running back Larry Csonka does not go unnoted) and apparently drawn by
second-graders. This attracts the attention of a trench-coat-wearing evildoer
who has a comically deep voice and a phalanx of doughy minions in ski masks. Pursued
by these un-intimidating thugs, Troy is rescued by the film’s hero: Zap
Rowsdower, a boozy, middle-aged, hockey-haired bum in a denim jacket and white
jeans.

Rowsdower makes Final
Sacrifice
what it is. While Troy’s snaggle-toothed nerdery and an old-timey
mountain man certainly elevate the movie, Rowsdower is the star attraction as
he wheezes, bumbles, and drinks his way through a quest for a lost ancient city
(in Canada, no less). The MST3K
audience rips into him at every turn, and even the movie doesn’t seem to expect
much of Rowsdower, as he ultimately needs the reed-thin Troy to help him defeat
Darth DeepVoice. When not mocking Rowsdower, Mike and the ‘bots throw out jabs
at both Canada and America’s attitude toward its great northern neighbor. It
reaches a masterful crescendo with Tom’s Canadian song.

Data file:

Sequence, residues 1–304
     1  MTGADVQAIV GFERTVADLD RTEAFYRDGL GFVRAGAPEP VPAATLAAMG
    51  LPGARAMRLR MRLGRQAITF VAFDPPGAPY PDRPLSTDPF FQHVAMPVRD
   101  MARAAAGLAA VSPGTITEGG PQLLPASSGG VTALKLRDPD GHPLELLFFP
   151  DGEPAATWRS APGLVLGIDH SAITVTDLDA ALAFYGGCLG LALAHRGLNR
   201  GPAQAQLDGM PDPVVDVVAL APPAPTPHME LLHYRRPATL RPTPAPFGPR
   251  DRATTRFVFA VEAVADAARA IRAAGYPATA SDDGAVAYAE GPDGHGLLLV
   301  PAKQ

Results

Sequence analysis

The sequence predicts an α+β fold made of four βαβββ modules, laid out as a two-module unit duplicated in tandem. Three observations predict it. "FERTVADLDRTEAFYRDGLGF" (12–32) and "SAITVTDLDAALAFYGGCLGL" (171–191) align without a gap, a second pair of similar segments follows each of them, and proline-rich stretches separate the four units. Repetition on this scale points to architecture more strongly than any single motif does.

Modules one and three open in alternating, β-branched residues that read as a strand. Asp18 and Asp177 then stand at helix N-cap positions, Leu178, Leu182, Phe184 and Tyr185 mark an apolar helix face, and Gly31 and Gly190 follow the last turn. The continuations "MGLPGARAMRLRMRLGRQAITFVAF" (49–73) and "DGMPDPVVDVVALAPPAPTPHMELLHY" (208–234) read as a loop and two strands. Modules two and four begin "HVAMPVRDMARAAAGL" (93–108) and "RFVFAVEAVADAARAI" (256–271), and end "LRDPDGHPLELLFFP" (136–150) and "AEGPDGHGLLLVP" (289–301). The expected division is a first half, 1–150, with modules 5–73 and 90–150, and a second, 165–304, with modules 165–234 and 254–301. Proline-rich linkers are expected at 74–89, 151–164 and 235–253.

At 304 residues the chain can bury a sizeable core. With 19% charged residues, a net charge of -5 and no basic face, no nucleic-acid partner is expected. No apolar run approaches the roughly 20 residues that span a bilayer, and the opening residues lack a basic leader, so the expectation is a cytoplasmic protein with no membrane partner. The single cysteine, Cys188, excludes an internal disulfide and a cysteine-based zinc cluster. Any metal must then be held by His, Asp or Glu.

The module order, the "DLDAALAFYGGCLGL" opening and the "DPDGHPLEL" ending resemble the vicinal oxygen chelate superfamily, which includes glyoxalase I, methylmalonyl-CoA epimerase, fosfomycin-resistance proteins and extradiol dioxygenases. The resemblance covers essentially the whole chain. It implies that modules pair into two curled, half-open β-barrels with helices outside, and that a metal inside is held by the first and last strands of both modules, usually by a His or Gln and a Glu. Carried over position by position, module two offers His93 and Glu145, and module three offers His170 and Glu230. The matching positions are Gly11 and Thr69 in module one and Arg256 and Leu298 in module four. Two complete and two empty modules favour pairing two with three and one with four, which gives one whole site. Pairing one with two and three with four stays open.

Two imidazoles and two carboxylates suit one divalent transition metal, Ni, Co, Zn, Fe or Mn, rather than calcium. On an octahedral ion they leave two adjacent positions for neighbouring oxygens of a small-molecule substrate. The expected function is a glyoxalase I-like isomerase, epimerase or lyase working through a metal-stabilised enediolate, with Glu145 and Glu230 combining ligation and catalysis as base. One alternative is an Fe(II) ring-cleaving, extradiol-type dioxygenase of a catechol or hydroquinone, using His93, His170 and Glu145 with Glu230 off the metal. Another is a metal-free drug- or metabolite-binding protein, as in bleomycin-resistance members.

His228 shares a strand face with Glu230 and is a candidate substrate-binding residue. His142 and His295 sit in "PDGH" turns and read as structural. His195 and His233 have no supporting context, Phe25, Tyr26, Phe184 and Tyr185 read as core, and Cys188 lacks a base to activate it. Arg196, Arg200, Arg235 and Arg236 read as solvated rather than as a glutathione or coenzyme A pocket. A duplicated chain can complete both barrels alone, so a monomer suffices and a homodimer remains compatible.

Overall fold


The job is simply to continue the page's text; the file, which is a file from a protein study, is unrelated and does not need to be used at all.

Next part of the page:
Highlights: Every
single scene featuring Rowsdower and the movie’s unspoken expectation that
viewers will care about Rowsdower.

Why it’s not on DVD:
The rights apparently still lie with Flying Dutchman Productions, meaning that
they either want lots of money or don’t want their film’s public roasting
committed to DVD. Or maybe someone just needs to ask them.

About Author

Robert Bricken is one of the original co-founders of the site formerly known as Topless Robot, and its first editor-in-chief, serving from 2008-12. He brought the site to prominence with “nerd news, humor and self-loathing” as its motto, raising it from total internet obscurity to a readership in the millions, with help from his savage “FAQ” movie reviews and Fan Fiction Fridays. Under his tenure Topless Robot was covered by Gawker, Wired, Defamer, New York magazine, ABC News, and others, and his articles have been praised by Roger Ebert, Avengers actor Clark Gregg, comedian and The Daily Show correspondent John Hodgman, the stars of Mystery Science Theater 3000 and Rifftrax, and others. He is currently the managing editor of io9.com. Despite decades as both an amateur and professional nerd, he continues to be completely unprepared for either the zombie apocalypse or the robot uprising.